First Aid Training - CPR for First Aiders

CPR for First Aiders

If a person is not breathing normally after an accident you should call for an ambulance and then, if you are able to, start CPR (also known as mouth-to-mouth resuscitation) straight away.

CPR, or cardio-pulmonary resuscitation, is a combination of rescue breaths and chest compressions to keep blood and oxygen circulating in the body.
For adults

Place your hands on the centre of the person's chest and, with the heel of your hand, press down (4-5cm) at a steady rate, slightly faster than one compression a second.
After every 30 chest compressions, give two breaths.
Pinch the person’s nose. Seal your mouth over their mouth and blow steadily and firmly into their mouth. Check that their chest rises. Give two rescue breaths, each over one second.
Continue with cycles of 30 chest compressions and two rescue breaths until they begin to recover or emergency help arrives. For babies under one.

For children aged one to puberty.

Open their airway by placing one hand on the child’s forehead and gently tilting their head back and lifting the chin. Remove any visible obstructions from the mouth and nose.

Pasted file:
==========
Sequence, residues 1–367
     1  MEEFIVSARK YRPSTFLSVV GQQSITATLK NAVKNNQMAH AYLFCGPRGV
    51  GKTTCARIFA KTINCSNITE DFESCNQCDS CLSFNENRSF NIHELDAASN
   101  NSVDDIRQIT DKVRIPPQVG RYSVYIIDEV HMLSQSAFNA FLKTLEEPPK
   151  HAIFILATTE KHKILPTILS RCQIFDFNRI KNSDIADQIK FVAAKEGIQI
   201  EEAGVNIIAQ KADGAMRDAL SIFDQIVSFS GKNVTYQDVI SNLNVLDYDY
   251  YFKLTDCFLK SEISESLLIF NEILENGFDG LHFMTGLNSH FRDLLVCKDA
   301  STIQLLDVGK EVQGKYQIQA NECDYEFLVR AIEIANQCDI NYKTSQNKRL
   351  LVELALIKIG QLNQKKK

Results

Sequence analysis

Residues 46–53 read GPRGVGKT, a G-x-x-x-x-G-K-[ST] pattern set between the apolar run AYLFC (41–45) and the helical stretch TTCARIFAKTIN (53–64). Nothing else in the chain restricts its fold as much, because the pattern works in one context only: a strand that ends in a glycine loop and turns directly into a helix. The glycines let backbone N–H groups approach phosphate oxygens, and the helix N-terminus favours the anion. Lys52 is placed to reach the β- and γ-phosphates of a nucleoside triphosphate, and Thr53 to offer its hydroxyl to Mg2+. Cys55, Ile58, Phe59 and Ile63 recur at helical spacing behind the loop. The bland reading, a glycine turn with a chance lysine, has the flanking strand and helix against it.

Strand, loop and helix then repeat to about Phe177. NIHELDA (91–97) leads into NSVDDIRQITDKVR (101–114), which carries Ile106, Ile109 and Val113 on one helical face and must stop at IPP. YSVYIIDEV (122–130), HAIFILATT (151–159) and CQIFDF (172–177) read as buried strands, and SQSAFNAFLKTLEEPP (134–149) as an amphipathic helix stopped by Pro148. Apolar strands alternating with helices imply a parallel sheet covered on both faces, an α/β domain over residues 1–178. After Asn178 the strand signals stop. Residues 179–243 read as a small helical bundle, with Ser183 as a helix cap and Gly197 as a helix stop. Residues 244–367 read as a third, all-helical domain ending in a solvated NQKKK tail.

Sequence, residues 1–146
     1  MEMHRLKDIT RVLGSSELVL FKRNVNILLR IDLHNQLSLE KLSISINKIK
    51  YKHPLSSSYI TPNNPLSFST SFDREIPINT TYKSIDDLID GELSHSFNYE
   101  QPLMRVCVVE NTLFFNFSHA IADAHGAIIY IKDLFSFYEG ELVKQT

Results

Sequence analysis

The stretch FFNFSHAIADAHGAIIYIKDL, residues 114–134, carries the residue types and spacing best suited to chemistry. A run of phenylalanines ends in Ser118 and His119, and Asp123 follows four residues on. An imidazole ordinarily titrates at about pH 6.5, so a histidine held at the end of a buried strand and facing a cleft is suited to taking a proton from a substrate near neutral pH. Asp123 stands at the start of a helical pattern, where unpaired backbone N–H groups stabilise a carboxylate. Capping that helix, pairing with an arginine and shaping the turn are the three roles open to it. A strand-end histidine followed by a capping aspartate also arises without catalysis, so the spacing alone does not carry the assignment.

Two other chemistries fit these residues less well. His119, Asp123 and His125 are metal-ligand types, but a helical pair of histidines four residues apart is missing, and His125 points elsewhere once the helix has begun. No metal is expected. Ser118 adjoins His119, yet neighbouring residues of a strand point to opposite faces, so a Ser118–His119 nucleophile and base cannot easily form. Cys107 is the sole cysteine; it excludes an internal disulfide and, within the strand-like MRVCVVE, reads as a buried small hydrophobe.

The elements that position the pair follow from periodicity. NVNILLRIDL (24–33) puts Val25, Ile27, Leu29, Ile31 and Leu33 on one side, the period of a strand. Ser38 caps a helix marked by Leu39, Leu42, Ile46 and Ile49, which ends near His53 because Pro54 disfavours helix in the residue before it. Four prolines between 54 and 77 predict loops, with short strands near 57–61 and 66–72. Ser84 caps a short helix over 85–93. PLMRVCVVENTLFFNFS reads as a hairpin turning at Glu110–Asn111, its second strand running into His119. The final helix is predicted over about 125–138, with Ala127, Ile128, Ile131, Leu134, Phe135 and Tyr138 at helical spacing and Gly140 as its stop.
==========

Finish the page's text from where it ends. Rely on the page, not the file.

Pinch their nose. Seal your mouth over their mouth and blow steadily and firmly into their mouth, check that their chest rises. Give five initial rescue breaths.
Place your hands on the centre of their chest and, with the heel of your hand, press down one-third of the depth of the chest using one or two hands.
After every 30 chest compressions (at a steady rate, slightly faster than one compression a second) give two breaths.
Continue with cycles of 30 chest compressions and two rescue breaths until they begin to recover or emergency help arrives.
For babies under one.

Open the baby's airway by placing one hand on their forehead and gently tilting the head back and lifting the chin. Remove any visible obstructions from the mouth and nose.
Place your mouth over the mouth and nose of the infant and blow steadily and firmly into their mouth, check that their chest rises. Give five initial rescue breaths.
Place two fingers in the middle of the chest and press down one third of the depth of the chest. After 30 chest compressions at a steady rate (slightly faster than one compression a second) give two breaths.
Continue with cycles of 30 chest compressions and two rescue breaths until they begin to recover or emergency help arrives.

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